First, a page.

[00:07:21] And so he said, "You know, so Chris, we got your son. We need a million dollars. We'll kill him in the morning if you don't give us the money." And I said, "How am I supposed to do?" And he just — it was great. He just, he kind of blanked, he didn't know how to react. You know, we were off to the races. So that was the beginning of a great relationship with a lot of really smart people up there that I really enjoy.
[00:07:41] Jordan Harbinger: And open-ended questions are interesting because essentially these are queries that by the time they can have a wide range of answers. They're the opposite of closed-ended questions, which are things that can be answered with yes or no, right?
[00:07:53] Chris Voss: Yeah. A real short answer is, you know, the how questions are the killer question. What I've learned in hostage negotiation and getting the same leverage in a business deal, there's great power in deference and from a deferential approach, it's ridiculous how assertive you can get away with. The other side is never going to see it coming. It's a real stealth weapon and especially a well-phrased open-ended question — what I do with that is I shift the burden of the entire situation over onto whoever I'm talking to. And not only do they not feel what I've just weighed them down with. You know, they feel empowered because people love to be asked how. They think it gives them an opportunity to show how smart they are. And it's amazing what it does. And so to say it's an open-ended question that can be answered with more than a yes or no is really the sort of under-described the power of the dynamic.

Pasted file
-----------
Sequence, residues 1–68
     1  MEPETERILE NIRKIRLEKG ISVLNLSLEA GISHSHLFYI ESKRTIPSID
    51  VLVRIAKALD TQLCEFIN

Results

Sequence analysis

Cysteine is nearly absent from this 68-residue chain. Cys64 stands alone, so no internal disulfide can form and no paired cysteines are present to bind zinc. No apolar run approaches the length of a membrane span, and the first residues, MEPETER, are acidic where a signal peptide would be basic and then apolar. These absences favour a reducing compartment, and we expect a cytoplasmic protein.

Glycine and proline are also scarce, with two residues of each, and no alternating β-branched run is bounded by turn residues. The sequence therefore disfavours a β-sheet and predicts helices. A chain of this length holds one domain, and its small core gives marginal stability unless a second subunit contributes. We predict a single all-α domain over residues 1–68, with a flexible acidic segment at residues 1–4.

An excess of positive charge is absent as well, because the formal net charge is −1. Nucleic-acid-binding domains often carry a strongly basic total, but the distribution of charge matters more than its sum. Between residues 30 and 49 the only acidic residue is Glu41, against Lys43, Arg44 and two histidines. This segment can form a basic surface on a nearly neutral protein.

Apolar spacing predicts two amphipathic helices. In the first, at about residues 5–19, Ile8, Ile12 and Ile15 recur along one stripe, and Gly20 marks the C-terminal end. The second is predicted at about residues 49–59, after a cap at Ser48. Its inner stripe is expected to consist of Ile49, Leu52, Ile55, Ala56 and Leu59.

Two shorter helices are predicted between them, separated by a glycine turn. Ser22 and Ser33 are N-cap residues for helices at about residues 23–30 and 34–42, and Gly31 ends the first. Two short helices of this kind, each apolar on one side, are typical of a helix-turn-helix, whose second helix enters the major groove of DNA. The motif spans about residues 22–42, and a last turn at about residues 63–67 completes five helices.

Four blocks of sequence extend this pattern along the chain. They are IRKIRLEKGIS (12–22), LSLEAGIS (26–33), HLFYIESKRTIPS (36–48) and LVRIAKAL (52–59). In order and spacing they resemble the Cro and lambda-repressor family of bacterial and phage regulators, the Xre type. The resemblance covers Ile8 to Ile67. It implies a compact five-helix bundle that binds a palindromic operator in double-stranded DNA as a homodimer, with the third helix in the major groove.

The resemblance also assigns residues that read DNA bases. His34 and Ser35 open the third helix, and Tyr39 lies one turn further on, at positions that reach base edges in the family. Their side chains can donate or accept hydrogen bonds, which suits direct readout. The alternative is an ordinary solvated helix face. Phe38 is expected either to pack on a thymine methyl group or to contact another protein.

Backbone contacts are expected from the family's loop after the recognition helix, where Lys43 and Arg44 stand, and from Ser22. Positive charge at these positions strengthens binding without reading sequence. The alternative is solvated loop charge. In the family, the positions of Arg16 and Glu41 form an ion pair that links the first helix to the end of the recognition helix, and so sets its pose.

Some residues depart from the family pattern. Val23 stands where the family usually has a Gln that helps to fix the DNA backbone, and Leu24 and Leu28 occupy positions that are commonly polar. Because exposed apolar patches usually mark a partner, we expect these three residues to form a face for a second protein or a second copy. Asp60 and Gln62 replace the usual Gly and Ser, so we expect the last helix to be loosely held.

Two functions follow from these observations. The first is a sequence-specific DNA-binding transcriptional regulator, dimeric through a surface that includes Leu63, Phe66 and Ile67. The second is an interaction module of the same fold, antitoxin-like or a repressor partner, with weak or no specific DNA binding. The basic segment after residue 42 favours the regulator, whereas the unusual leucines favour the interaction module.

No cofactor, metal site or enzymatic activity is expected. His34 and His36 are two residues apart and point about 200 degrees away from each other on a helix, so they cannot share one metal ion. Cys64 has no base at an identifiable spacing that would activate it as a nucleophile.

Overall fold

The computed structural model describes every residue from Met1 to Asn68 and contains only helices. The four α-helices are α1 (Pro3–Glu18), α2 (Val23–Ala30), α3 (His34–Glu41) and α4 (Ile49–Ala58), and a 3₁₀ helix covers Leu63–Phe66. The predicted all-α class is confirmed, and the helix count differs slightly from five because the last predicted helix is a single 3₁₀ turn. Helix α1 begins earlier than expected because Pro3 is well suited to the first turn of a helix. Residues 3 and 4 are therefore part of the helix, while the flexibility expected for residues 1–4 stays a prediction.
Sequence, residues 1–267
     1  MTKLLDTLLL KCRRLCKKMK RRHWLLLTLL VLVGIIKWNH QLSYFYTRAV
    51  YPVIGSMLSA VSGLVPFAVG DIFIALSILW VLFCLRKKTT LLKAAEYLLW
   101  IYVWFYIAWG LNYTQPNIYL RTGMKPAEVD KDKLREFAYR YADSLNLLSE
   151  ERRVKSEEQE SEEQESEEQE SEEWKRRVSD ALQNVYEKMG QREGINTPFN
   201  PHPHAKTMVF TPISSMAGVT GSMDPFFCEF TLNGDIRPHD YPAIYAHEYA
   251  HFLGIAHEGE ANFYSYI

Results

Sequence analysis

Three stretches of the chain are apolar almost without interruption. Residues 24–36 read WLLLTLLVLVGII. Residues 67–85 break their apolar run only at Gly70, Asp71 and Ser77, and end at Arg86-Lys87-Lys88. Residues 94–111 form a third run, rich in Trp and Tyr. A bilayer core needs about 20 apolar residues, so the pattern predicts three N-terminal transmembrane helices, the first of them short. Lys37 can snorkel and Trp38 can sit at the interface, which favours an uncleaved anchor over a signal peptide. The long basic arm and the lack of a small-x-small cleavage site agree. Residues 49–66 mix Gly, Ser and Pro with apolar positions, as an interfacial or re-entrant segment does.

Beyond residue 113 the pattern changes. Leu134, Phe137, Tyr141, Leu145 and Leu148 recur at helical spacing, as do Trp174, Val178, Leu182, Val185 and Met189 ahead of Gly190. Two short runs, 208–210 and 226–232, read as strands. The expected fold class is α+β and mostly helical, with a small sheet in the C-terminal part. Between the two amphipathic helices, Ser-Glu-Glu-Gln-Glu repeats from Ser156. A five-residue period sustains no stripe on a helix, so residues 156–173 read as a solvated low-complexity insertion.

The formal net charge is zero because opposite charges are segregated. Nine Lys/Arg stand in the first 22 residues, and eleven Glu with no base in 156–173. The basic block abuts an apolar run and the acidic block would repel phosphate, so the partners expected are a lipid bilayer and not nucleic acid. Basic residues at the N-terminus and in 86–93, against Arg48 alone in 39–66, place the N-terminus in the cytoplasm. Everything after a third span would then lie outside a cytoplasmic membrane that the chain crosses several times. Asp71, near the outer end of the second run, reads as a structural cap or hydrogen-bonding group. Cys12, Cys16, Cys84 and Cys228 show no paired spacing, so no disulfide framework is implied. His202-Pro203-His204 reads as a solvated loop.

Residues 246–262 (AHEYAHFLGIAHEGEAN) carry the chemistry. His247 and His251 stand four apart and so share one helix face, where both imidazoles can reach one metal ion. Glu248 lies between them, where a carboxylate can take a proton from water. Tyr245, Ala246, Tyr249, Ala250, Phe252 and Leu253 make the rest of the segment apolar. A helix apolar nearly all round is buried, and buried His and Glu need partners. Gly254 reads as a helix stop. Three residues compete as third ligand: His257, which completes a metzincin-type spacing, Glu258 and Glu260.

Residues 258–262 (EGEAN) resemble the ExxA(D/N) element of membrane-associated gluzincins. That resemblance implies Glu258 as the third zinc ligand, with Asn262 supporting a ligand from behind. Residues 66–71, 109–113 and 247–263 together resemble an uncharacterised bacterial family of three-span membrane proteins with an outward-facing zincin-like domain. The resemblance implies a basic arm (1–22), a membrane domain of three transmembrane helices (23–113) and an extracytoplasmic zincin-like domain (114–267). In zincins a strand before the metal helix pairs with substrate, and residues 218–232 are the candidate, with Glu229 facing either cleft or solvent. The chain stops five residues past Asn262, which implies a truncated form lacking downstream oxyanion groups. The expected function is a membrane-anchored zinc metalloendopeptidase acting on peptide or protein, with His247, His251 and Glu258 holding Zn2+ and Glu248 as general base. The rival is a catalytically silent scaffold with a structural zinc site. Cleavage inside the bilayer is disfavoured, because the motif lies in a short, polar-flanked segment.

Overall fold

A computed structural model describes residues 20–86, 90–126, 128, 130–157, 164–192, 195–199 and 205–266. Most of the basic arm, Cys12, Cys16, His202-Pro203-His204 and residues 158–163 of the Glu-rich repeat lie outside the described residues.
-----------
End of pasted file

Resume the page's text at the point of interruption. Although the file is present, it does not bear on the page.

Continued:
[00:08:45] Jordan Harbinger: And I like the how question, especially in the book, as you describe it because it's the magic sword of open-ended questions. You're right. Just saying something that can be answered, can't be answered with yes or no, is an under description. The open-ended question, especially the, "How do I get the money? How do I do this?" you tell stories in the book about — I want to say this one was in the Philippines, maybe Nicaragua, Ecuador, El Salvador, but there was a story in which this guy who was an American had gone down there you'd grew up there. He decided to be a tour guide. He got kidnapped. And the negotiator who was in the city ended up having to move back to the jungle where the hostage was, which is how you tracked him because you kept using these open-ended questions. Can you tell that story? You're going to do a better job than me.